Two new floral, plant stores open in Marion


 

Christiansen, 35, expects you to notice a difference in styles, “something more eclectic,” when you walk in to her floral shop next door to Shelter Insurance on Main Street.

Christiansen said she has been in graphic arts most of her career, and is excited about approaching floristry as a new art form, something dimensional almost like sculpting.

“We’ll have a different look, a more imaginative type of creation,” she said. “We won’t do just the basic old bouquet. We’ll rev it up a little.”

Christiansen is a lifetime resident of Marion County, the daughter of Don and Betty Stenzel, who live northeast of Marion Reservoir, and the wife of Gary Christiansen at Durham, who feeds cattle.

She and her employee, Darla Gore, who last worked as a florist in Marion for Shirley Jo Hett, also want to provide Marion with a more unique offering of potted plants. If you want a bamboo plant, Plantations will be a place to get one.

“It will be something different—with a unique feel to it,” she said.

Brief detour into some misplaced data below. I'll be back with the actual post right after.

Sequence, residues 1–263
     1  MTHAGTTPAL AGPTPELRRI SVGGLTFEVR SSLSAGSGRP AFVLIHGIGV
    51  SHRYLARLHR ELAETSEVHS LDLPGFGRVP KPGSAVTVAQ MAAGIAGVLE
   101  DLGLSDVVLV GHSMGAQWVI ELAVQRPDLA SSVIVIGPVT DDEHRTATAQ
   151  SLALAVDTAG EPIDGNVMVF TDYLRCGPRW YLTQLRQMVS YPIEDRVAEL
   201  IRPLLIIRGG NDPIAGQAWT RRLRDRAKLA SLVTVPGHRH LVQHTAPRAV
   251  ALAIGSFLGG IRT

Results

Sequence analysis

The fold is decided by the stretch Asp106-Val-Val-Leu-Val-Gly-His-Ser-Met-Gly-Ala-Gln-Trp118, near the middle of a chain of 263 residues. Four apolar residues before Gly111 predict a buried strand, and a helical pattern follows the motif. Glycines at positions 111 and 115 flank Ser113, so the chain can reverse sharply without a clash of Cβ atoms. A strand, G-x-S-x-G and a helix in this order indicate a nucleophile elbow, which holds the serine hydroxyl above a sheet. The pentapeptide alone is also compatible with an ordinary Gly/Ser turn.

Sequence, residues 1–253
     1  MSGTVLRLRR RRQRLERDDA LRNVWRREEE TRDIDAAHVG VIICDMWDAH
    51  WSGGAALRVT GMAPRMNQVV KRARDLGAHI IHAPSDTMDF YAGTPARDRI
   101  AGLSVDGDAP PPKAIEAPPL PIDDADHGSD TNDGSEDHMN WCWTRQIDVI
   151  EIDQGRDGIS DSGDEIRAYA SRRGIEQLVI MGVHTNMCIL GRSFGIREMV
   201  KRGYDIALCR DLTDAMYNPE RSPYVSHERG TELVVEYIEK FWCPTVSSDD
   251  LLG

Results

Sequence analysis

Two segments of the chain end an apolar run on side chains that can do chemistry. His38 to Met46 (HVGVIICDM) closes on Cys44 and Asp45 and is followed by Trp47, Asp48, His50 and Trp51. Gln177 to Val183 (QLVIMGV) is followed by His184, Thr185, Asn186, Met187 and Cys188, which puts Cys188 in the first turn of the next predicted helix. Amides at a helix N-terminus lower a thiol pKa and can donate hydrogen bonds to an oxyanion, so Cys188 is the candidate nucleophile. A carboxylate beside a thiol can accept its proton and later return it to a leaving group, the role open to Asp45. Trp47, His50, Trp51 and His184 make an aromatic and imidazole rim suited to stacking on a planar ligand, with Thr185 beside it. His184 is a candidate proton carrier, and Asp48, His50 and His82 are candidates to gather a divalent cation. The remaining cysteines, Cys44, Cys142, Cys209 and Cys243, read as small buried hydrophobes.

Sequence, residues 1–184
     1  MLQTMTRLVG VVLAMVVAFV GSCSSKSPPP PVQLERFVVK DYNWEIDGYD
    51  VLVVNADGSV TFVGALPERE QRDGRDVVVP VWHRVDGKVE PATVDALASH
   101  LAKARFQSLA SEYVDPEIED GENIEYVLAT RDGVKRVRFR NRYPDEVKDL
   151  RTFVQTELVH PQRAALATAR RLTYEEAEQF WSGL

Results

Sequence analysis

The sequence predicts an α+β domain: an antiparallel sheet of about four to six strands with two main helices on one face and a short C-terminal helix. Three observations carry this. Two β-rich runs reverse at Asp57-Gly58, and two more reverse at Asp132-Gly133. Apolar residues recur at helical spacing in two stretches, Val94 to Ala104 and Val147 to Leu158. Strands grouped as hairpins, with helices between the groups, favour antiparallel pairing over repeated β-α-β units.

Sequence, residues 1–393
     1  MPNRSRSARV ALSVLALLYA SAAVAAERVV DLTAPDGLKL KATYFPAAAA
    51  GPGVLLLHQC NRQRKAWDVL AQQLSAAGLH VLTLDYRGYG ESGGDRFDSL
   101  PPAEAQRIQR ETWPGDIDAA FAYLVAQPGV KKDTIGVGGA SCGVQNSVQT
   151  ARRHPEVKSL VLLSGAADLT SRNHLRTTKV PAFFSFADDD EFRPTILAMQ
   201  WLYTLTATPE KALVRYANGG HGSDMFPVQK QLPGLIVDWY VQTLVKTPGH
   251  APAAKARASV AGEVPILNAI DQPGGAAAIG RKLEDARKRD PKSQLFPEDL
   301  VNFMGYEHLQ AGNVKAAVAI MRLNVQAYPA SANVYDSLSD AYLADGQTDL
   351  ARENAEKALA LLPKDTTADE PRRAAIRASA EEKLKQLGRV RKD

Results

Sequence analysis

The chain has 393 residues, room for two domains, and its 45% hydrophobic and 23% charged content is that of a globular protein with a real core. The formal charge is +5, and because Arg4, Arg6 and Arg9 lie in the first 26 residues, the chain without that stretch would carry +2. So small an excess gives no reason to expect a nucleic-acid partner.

Meanwhile, at Aunt Bee’s, Youk, 39, is thrilled to be in her new floral shop, but she can’t help shed a tear, too, because the shop is the fulfillment of a dream she shared with her father, Irvin Brunner.

Aunt Bee’s is in the former Main Street Floral buildings on East Main east of Carlson’s Grocery.

Brunner died before realizing this retirement dream, Youk said. He and his wife, Tudy, moved their construction company from the Ramona area, where Youk grew up gardening with him, to Marion.

She still has a family advantage in her new business, she said, because her husband, Justin Youk, manages the golf greens for Marion Country Club. He will advise her on carrying a much-extended line of lawn and garden chemicals and merchandise.

She also plans to carry bedding and vegetable plants, and grass seed.

Also working for Youk is Denise Matz, who has 32 years experience as a florist in Marion.

“I started just out of high school,” Matz said.

Youk, who is eager to start floral design work for customers, may be recognizable to them from her former employments at State Farm Insurance and Central National Bank in Marion.

She said she selected the name “Aunt Bee’s” for her business because it is easily recognized, and remembered from the old Andy Griffith television show.

But, she said, she and her father were such frequent shoppers for plants grown by Margie Stroda that Stroda has suggested she might have named her shop, “Margie’s Fault.”


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